• Acc to linie characteristics – continuous, discontinuous.


34 The syntactic language level can be described with the help of special linguistic terms and notions:syntactic unit, syntactic form, syntactic meaning, syntactic function, syntactic position, and syntactic relations.

Syntactic unit is always a combination that has at least two constituents. The basic syntactic units are a word-group, a clause, a sentence, and a text. Their main features are:

a) they are hierarchical units – the units of a lower level serve the building material for the units of a higher level;

b) as all language units the syntactic units are of two-fold nature:

c) they are of communicative and non-communicative nature – word-groups and clauses are of non-communicative nature while sentences and texts are of communicative nature.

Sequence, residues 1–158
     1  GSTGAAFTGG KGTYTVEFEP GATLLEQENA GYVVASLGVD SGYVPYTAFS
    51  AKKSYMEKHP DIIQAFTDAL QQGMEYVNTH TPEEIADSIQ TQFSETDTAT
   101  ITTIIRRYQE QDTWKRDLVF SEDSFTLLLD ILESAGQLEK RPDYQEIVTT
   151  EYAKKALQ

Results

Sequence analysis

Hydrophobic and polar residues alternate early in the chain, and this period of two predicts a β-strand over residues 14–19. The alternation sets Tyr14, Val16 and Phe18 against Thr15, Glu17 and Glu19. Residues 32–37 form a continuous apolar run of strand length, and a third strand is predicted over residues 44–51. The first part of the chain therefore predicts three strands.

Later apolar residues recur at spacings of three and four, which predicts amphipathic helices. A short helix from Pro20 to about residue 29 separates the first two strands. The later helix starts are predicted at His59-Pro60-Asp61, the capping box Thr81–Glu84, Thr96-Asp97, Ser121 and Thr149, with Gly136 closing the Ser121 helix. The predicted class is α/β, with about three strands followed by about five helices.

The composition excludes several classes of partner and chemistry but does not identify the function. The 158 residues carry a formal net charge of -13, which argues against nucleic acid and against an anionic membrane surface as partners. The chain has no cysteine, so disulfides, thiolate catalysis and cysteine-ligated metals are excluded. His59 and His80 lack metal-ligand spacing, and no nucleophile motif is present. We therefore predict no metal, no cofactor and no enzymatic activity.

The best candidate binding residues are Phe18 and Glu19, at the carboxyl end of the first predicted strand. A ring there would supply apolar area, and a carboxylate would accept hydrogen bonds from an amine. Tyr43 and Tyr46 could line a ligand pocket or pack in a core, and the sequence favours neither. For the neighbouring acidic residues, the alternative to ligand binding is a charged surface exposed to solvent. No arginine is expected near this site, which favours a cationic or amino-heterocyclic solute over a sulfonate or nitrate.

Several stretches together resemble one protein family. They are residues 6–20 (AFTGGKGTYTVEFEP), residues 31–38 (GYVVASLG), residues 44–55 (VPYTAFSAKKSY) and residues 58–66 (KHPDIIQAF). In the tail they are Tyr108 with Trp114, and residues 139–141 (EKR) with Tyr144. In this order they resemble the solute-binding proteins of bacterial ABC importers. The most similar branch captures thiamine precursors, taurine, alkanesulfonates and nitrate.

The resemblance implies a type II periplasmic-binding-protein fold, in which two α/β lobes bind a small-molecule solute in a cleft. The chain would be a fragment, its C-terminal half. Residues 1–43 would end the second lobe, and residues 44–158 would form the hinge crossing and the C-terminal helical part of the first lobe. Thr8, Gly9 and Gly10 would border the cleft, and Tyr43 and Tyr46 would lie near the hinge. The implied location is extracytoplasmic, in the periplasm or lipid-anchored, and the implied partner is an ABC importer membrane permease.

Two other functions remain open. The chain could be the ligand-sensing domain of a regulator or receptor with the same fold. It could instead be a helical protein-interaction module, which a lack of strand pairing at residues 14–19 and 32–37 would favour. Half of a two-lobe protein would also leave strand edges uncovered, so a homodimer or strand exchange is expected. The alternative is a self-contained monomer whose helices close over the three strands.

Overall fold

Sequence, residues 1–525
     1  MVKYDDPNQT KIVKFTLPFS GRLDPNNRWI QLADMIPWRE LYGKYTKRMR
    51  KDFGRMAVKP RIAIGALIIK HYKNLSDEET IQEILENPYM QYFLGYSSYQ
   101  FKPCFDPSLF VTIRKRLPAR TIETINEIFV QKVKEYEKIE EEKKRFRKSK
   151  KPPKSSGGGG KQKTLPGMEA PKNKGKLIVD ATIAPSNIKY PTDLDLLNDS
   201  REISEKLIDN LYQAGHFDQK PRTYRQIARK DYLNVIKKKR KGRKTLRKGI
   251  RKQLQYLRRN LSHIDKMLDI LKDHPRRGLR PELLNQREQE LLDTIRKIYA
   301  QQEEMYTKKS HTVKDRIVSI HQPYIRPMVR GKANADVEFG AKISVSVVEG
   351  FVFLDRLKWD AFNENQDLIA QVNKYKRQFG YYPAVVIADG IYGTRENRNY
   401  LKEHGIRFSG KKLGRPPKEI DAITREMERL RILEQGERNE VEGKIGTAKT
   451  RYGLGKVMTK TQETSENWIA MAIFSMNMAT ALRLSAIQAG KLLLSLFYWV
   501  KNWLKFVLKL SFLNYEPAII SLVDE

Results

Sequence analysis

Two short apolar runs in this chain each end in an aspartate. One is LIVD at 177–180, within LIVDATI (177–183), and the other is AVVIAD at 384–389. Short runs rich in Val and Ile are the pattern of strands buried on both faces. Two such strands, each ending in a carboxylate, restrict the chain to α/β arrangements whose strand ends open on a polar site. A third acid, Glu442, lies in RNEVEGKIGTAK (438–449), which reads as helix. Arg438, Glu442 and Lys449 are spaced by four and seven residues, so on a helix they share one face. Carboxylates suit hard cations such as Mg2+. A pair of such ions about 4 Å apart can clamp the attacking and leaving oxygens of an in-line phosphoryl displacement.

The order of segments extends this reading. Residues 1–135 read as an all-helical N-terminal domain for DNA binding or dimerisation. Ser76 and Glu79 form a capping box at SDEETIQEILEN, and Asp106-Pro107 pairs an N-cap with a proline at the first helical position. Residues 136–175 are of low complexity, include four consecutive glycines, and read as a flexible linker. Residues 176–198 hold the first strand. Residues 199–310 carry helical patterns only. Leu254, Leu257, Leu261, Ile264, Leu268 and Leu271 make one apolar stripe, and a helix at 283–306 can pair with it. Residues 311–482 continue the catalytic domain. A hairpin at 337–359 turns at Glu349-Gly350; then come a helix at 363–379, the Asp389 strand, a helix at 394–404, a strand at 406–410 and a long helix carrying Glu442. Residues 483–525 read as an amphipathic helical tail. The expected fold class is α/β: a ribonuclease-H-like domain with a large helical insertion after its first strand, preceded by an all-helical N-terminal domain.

Syntactic meaning is the way in which separate word meanings are combined to produce meaningful word-groups and sentences.
Green ideas sleep furiously.This sentence is quite correct grammatically. However it makes no sense as it lacks syntactic meaning.

Syntactic formmay be described as the distributional formula of the unit (pattern). John hits the ball –N1 + V + N2.

Syntactic functionis the function of a unit on the basis of which it is included to a larger unit: in the word-group a smart studentthe word ‘smart’ is in subordinate attributive relations to the head element. In traditional terms it is used to denote syntactic function of a unit within the sentence (subject, predicate, etc.).

Syntactic positionis the position of an element. The order of constituents in syntactic units is of principal importance in analytical languages. The syntactic position of an element may determine its relationship with the other elements of the same unit: his broadback, abackdistrict, to goback,tobacksm.